Chapter II - The Methodologies of Tillich and Wieman

This is the third chapter of Dr. King's dissertation "A Comparison of the Conception of God in the Thinking of Paul Tillich and Henry Nelson Wieman."

Letter from Martha D. Kennedy to Ralph Abernathy

Wednesday, November 27, 1963
Vermont (VT)

Mrs. Kennedy thanks Rev. Abernathy for the SCLC annual financial report and praises its contents. She also encloses a financial contribution and money for a copy of Dr. King's book "Strength to Love."

Social Ethics

Dr. King cites a scripture that deals with the topic of social ethics.

Anonymous Letter to MLK

An anonymous writer blames Dr. King for riots and turmoil taking place in America.

Letter from Percival Ennis to MLK


Percival Ennis, president of the Universal Negro Improvement Association in British Honduras, asks Dr. King if he is able to visit British Honduras and speak to his organization.

Letter from Joan Daves to MLK Regarding Publication Deadlines

Monday, January 30, 1967
JAMAICA, New York (NY)

In this letter, Joan Daves provides feedback on Dr.King's chapter on "Black Power,"and she informs Dr. King that she is waiting for chapters on "White Backlash" and "What It Means to be a Negro in America," for his book "Where do We Go From Here: Chaos or Community?"


Dr. King cites a quote from Reinhold Niebuhr regarding sin.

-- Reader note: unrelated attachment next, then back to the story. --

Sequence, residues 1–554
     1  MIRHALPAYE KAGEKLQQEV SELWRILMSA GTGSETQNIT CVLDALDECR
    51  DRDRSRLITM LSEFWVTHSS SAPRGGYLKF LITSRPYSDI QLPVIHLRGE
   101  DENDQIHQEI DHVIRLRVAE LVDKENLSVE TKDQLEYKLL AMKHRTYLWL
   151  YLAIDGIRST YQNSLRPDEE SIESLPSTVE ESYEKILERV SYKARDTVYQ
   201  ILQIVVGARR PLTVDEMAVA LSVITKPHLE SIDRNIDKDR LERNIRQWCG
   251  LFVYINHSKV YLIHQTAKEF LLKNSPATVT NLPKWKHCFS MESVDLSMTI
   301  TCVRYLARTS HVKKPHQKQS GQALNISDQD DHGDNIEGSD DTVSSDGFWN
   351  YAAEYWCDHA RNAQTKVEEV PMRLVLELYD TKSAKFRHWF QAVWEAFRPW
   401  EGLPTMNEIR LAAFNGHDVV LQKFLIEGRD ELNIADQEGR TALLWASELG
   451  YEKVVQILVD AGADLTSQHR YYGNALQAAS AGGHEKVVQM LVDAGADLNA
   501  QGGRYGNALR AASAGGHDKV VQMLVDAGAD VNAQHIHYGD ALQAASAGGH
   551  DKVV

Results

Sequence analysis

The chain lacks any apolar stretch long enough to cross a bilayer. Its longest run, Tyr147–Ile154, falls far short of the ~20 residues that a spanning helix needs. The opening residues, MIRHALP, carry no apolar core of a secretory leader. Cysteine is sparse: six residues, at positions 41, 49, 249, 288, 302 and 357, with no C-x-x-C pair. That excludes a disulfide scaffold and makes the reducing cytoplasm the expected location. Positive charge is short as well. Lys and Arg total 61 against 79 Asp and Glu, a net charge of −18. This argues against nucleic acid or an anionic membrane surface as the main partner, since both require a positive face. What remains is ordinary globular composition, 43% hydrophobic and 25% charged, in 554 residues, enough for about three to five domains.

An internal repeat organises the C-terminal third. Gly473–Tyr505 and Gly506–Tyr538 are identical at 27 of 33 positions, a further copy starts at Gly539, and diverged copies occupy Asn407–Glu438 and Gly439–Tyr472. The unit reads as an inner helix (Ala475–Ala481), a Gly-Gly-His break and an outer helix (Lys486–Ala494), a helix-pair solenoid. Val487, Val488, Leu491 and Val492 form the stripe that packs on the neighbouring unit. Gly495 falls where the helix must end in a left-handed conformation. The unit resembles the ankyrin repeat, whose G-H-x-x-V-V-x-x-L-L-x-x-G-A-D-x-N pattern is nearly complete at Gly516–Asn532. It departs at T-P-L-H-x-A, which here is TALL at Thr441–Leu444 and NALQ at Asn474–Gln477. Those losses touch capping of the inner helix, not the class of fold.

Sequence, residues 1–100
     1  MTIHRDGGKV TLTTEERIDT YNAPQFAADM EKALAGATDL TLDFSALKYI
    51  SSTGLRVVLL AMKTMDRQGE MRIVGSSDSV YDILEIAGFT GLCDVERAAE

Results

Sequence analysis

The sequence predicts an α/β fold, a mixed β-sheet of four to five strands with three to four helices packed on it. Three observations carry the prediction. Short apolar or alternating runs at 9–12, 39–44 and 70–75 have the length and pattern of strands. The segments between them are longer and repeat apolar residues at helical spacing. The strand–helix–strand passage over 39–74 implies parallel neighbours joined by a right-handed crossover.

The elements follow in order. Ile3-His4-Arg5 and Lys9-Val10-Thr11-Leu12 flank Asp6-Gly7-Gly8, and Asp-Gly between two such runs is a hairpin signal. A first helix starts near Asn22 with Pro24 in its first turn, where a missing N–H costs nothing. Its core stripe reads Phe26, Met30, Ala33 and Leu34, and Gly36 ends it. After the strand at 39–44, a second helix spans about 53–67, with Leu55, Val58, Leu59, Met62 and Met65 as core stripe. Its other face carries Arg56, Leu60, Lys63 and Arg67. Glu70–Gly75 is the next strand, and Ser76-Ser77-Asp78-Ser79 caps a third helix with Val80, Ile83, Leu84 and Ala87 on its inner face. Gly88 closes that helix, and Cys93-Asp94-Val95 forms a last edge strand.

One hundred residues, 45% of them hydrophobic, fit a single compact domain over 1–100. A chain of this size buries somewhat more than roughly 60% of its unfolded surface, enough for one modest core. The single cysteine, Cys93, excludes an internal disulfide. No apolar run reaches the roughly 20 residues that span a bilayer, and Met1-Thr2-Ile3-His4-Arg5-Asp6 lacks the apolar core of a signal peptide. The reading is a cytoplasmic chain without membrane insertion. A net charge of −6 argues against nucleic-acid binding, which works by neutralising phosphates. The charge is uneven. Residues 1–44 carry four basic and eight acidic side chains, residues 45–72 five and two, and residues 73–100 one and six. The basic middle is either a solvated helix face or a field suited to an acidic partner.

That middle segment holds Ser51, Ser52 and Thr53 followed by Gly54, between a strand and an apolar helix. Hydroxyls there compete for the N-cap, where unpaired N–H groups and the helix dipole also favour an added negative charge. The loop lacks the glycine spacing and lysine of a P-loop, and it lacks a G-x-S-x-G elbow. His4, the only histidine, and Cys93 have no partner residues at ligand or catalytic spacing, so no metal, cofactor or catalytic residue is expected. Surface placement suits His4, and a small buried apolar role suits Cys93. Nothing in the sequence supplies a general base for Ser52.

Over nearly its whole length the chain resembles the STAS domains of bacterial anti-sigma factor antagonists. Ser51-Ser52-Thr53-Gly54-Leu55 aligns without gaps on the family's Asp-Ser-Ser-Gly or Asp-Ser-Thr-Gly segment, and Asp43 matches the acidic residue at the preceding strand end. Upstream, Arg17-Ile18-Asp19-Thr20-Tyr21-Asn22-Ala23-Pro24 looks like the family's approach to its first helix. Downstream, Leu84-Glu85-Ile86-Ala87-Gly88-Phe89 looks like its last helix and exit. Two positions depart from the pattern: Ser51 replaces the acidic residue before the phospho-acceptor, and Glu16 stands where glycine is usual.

Letter from Norberto Ibarrondo to MLK

Friday, May 21, 1965
New York, NY, Montgomery, AL

Norberto Ibarrondo, President of Children Organization for Civil Rights, writes Dr. King expressing their desire to replace "discrimination with brotherhood." Ibarrondo informs Dr. King of a fundraiser their organization sponsored and encloses the money as a contribution. Ibarrondo also states that their school is dedicating their yearbook to President Kennedy and Dr. King.

Letter from Lou Goldstein to NAACP, February 6, 1968

Tuesday, February 6, 1968
New York (NY), New York, NY

In this letter, Lou Goldstein contacts the National Association for the Advancement of Colored People to inquire about the location of photographs of Dr. King, Roy Wilkins, and A. Philip Randolph.

Letter from Joan Daves to MLK

Friday, March 31, 1967
New York (NY), ITALY

Joan Daves informs Dr. King about her Italian associates, Santi Ando & Figli's, invitation to Italy. She also notes the publisher's request for a surplus of photographs.

Letter from Leslie A. Strikes to MLK

Wednesday, December 27, 1967

Leslie Strike, Canadian Vice President of the English-Speaking Union of the Commonwealth, invites Dr. King to speak on the US Civil Rights Movement.